Unnamed tulip from the Turkish ‘The Book of Tulips’, ca. 1725

Webshaykh’s Note: With winter snow buffeting Europe and the Middle East, what better time to think about tulips, an Ottoman treasure that took Europe by storm almost half a millennium ago. There is an excellent book on The Tulip by Anna Pavord (Great Britain: Bloomsbury, 1999), but one of my favorite articles is one that Jon Mandaville wrote for ARAMCO World over three decades ago. The full article is available online, but I provide the first part below.]

Turbans and Tulips
Written by Jon Mandaville. ARAMCO World Magazine, May/June, 1977

Tulips come from Holland. Right? Wrong! Or at least, they haven’t always. Tulips come from Turkey, the only country in the world to call one of its major eras of national history—the years 1700 to 1730—the “Tulip Period.” And how that era got its name . . . thereby hangs a tale.

Tulips, even in the early 18th century, were nothing new to Turkey. Along with other bulbous plants such as the narcissus, the hyacinth and the daffodil, tulips had grown there for centuries, both wild and domesticated for house and garden. The Tulip Period took its name from an established hobby, which started as court fashion, grew into a generalized fad and fancy, and finally became an explosion of unrestrained international speculation in bulbs which buyers never even saw.

It all began when tulips first went to Europe. In 1550, no one in Holland had heard of tulips. Different varieties do grow wild in North Africa and from Greece and Turkey all the way to Afghanistan and Kashmir. Very occasionally they are even found in southern France and Italy, usually in vineyards or on cultivated land, which has led some botanists to speculate that they may have been brought back by the Crusaders.

The Persians were familiar with tulips, but they didn’t domesticate them as thoroughly as the Turks. For centuries they admired the flowers wild. Even as decorative motifs in Persia, they were never as popular as the narcissus, iris or rose.

In Turkey it was different. The Turks cultivated them in flower beds and window boxes and they used the flowers as patterns on textiles and rugs, ceramic tiles, buildings and fountains and even, especially in the case of women, on tombstones. Their name for the tulip was lale, but another Turkish word, dulband, or “turban,” is the origin of our English name, presumedly because of the flower’s shape.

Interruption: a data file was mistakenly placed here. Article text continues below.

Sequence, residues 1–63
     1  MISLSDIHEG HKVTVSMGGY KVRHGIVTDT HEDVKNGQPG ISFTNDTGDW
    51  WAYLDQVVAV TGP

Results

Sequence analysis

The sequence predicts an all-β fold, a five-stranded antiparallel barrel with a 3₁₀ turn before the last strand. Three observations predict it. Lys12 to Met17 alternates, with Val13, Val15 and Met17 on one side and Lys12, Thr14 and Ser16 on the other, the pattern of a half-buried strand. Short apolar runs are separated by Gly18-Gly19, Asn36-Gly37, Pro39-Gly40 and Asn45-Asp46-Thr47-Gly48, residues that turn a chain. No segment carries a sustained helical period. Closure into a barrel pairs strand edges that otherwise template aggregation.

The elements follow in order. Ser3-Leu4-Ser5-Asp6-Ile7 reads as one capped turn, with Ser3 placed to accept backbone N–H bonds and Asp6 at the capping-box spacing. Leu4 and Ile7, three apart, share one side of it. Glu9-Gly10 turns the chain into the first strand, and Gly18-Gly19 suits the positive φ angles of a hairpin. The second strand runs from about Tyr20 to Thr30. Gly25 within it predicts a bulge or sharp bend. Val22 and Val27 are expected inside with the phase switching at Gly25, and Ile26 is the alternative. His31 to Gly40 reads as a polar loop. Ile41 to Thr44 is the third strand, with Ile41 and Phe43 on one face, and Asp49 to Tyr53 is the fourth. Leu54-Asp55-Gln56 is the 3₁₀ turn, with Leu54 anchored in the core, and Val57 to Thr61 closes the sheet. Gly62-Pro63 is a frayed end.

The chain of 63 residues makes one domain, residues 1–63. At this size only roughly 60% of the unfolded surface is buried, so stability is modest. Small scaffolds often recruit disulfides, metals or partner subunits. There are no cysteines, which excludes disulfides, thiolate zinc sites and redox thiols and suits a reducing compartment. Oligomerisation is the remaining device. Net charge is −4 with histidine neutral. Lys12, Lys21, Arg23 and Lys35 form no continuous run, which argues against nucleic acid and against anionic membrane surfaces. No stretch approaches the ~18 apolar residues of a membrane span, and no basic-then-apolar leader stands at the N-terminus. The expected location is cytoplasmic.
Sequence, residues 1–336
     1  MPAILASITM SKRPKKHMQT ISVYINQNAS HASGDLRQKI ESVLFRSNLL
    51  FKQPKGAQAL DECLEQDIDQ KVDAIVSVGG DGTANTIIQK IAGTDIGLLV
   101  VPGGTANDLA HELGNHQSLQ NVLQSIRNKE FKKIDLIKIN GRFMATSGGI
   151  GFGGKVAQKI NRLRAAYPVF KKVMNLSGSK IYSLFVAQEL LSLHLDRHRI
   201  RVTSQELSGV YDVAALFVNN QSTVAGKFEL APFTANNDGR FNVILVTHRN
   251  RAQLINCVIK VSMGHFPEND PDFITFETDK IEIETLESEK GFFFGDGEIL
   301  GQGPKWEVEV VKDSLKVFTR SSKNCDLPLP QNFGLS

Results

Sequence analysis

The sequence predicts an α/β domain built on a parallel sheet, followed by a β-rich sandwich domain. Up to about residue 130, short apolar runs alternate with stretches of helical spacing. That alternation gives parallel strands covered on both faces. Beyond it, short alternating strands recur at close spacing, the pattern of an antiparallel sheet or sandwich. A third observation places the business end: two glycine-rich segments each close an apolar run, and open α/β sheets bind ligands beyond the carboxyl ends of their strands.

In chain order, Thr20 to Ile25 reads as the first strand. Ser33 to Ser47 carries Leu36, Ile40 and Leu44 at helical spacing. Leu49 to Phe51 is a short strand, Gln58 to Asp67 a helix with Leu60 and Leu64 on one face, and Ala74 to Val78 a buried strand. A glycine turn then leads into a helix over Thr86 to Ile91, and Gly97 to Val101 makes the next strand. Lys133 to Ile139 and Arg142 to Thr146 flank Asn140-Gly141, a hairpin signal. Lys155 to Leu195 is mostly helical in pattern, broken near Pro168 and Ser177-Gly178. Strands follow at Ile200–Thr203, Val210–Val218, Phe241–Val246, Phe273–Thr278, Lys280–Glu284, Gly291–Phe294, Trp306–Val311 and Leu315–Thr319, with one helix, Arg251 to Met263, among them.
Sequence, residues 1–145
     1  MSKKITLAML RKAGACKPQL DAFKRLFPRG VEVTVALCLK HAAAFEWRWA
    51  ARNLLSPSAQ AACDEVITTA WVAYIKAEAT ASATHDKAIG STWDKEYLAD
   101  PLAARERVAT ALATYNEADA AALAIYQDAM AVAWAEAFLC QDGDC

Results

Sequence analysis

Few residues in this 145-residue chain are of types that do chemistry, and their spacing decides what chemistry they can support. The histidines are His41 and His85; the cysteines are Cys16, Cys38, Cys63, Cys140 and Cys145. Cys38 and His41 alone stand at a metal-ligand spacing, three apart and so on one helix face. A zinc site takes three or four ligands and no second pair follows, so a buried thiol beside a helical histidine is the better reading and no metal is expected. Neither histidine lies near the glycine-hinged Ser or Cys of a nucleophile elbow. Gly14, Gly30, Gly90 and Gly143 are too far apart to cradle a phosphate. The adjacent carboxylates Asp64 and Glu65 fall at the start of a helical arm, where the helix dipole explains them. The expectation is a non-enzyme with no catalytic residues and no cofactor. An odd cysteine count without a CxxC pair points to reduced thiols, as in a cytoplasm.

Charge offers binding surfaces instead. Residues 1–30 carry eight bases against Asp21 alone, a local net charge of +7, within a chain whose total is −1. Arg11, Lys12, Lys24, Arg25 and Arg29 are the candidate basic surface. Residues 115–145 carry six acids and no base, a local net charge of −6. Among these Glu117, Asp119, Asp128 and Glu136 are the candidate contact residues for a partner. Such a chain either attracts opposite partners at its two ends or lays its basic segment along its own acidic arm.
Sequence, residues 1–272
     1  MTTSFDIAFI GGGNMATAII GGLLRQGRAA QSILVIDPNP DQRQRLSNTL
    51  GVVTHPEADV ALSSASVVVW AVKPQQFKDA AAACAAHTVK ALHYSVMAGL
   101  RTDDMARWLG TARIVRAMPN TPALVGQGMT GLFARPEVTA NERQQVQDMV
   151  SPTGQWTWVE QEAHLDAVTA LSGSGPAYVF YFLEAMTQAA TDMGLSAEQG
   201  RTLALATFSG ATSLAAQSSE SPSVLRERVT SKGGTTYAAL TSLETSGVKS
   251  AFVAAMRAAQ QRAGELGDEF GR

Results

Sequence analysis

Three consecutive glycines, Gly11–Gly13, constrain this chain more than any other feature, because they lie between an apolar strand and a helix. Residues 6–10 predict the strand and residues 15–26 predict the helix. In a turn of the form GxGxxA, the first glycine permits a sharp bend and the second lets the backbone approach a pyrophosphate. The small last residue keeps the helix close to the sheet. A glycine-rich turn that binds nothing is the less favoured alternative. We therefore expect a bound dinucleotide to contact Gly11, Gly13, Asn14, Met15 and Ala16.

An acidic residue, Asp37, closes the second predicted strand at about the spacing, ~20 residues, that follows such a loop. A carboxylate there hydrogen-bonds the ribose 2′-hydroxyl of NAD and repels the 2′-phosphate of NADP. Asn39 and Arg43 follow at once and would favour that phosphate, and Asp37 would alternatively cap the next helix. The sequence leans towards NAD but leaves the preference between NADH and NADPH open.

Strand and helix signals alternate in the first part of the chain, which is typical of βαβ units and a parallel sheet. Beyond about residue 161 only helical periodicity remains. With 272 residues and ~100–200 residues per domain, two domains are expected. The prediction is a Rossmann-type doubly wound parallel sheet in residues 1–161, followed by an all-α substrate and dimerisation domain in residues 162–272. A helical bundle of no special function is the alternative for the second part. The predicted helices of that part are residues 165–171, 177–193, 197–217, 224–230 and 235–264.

For Ottoman officialdom in 16th-century Istanbul, gardening was a restful hobby, cultivated as a respite from the pressures of the job. Miniature paintings from that century show Turkish gardens to have had an air of relaxed formality. Brick walls defined the borders; four posts marked the corners. On one side a willow or wisteria might be trained up and over a trellis for shade. Stepped terraces of brick or grass embankments led up in the center or at one end to a fountain jetting water into a formal pool. There the Turks planted tulips, marching them in red, yellow and variegated rows along the walkways and up around the fountains.

One of the most notable Turks of the 16th century, the empire’s supreme justice, Ebu es-Suud Effendi, was a gardener and tulip hobbyist. One can imagine him at the end of the day strolling quietly through his gardens beside the dark flowing Bosporus, his long full robes brushing the brick path, draped sleeves flapping gently in the evening air, his hugely wrapped white turban bent down to the rows of small red turbans lifted up beside the paths.

Some evenings he might have been joined by his colleague Sokollu Mehmet Pasha, the Grand Vizier, who also enjoyed gardens. Sokollu Mehmet not only kept a garden of his own near Ebu es-Suud’s, but also had one laid out for his sovereign, Selim II, complete with garden house and tulip beds.


Ogier Ghislain de Busbecq

Then, in 1554, an Austrian with a curious mind and an appreciation of flowers noticed the tulips on his way to Istanbul. He was Ogier Ghislain de Busbecq, Austrian Emperor Ferdinand I’s ambassador to the Sultan at Constantinople. De Busbecq described them in a letter home.

“As we passed, we saw everywhere an abundance of flowers, such as the narcissus, hyacinth and those called by the Turks tulipan, not without great astonishment on account of the time of the year, as it was then the middle of the winter, a season unfriendly to flowers. . . . The tulipan . . . have little or no smell, but are admired for their beauty and variety of color.”

De Busbecq carried seeds back to Vienna and a few years later, in 1559, Konrad Gesner, the Swiss naturalist, saw garden tulips growing at Augsburg, Germany, which he described as having “one large reddish flower, like a red lily.” The picture of a tulip in his gardening book of 1561 is the first known in Europe.


Tulip ‘Agate Maurine’ by Maria Sibylla Merian (1647-1717) Rijksmuseum, Amsterdam

For the rest of this article online, click here.